It was a big season for Phillies prospects as several jumped off the page while others took a step back, but who emerges as the best after this season?
The pride of the Phillies right now is their impressive farm system which ranks among the best in all of baseball. That being said, there is no one prospect that jumps off the page as the clear No. 1 on the team. There’s an argument for several players in the system, but who comes out on top?
Coming into this season, J.P. Crawford was still considered the top Phillies prospect by most. He had been the best for several years after being drafted in the first round of the 2013 draft. Crawford struggled upon reaching Triple-A, but confidence wasn’t shaken enough to warrant moving him out of the top spot just yet.
Then this season got underway and Crawford’s struggles only continued. Through his first 56 games there, he had a .194/.313/.252 line as he just couldn’t seem to get a hit when he needed it. Midseason rankings reflected these struggles as he nearly fell out of the Baseball America Top 100 as their confidence was obviously shaken.
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After missing a week and a half with a groin injury, Crawford came back with a vengeance. Upon coming back June 20, Crawford tore up the International Leauge with 13 home runs and a .904 OPS.
Crawford showed that he was ready for the major-leagues, earning a promotion once the regular season ended. Since coming up, he has continued to show his trademark discipline as well as stellar defense at whatever position he has played.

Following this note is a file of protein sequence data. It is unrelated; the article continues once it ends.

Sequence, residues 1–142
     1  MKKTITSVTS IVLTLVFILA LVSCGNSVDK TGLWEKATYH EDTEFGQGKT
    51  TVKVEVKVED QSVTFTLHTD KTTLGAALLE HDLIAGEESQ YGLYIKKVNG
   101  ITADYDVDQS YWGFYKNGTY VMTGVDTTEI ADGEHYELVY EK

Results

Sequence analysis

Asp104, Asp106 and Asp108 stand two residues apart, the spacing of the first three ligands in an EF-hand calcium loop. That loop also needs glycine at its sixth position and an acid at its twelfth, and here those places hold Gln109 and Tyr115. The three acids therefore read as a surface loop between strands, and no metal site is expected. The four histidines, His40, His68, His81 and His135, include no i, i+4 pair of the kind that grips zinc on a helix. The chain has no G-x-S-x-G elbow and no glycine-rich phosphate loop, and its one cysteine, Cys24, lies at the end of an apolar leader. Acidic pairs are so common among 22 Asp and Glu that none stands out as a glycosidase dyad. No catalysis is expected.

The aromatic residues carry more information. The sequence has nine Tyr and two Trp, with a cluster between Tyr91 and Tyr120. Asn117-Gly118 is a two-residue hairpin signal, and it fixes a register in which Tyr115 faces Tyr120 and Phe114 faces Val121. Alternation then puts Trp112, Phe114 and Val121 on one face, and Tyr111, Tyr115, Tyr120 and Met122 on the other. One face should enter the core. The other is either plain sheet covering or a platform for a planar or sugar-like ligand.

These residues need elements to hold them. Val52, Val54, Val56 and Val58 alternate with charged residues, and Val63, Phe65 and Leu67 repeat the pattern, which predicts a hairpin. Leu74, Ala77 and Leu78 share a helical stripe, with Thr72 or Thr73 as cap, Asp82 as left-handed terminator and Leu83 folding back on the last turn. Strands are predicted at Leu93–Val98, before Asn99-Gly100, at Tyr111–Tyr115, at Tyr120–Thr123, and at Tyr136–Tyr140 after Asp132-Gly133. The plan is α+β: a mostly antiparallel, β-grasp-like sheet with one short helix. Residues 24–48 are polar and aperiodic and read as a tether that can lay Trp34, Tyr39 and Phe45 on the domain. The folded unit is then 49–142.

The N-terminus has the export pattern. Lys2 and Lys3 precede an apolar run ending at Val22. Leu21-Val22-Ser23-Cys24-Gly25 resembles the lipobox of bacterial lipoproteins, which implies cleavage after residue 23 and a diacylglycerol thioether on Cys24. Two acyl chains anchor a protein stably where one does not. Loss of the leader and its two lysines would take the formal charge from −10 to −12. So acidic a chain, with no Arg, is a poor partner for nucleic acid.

Has Crawford done enough to warrant returning to the top spot in the system, or is someone else more deserved?
In Baseball America’s midseason rankings, outfielder Mickey Moniak and pitcher Sixto Sanchez ranked back to back at Nos. 46 and 47 overall, indicating just how close they are in potential. Moniak, last year’s No. 1 overall draft pick, has the potential to be a four-tool, if not five-tool outfielder with a well above-average ability to hit.
However, people are starting to doubt Moniak after a poor full-season debut. In 123 Low-A games, Moniak managed a measly .236/.284/.341 line with 11 stolen bases and a 21.4 percent strikeout rate. His performance only got worse as the season went on, indicating that he needs to adjust to the full-season workload. Granted, he was 2.5 years younger than the average player in the South Atlantic League and this was only his age-19 season, so there’s still certainly time for development for Moniak.
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Meanwhile, Sixto Sanchez dominated the SAL on the mound, striking out a quarter of opposing hitters while walking just 3.5 percent. Sanchez continued to show his high-90s fastball along with a strong secondary arsenal all while not turning 19 until July 29. His performance dipped upon reaching High-A, but to even be at that level at his age is already an impressive sign.
If you are more a fan of players who are right on the cusp of the majors but don’t buy in to Crawford, Scott Kingery may be more your style. Kingery continued the trend of Phillies prospects crushing the ball in Double-A with 18 home runs and a .987 OPS in 69 games to start the season in Reading.
Kingery’s power obviously dipped upon leaving Reading for Triple-A Lehigh Valley, but he still finished the season strong with eight home runs and a .294 batting average with the IronPigs. It should be noted his walk rate went down in Triple-A, but the same thing happened when Kingery first reached Double-A and he turned out just fine this year after making adjustments in the offseason.
If Rhys Hoskins was still in the prospect conversation, you could very well make the case for him being the top prospect as well after his strong minor-league season.
Ultimately, who is the top prospect in the system depends on the preferences of the ranker and how much they buy into each player’s stats from this year. In the end, the number in front of the player’s name on a list doesn’t matter a whole lot anyway; it’s about what they do once they reach the majors.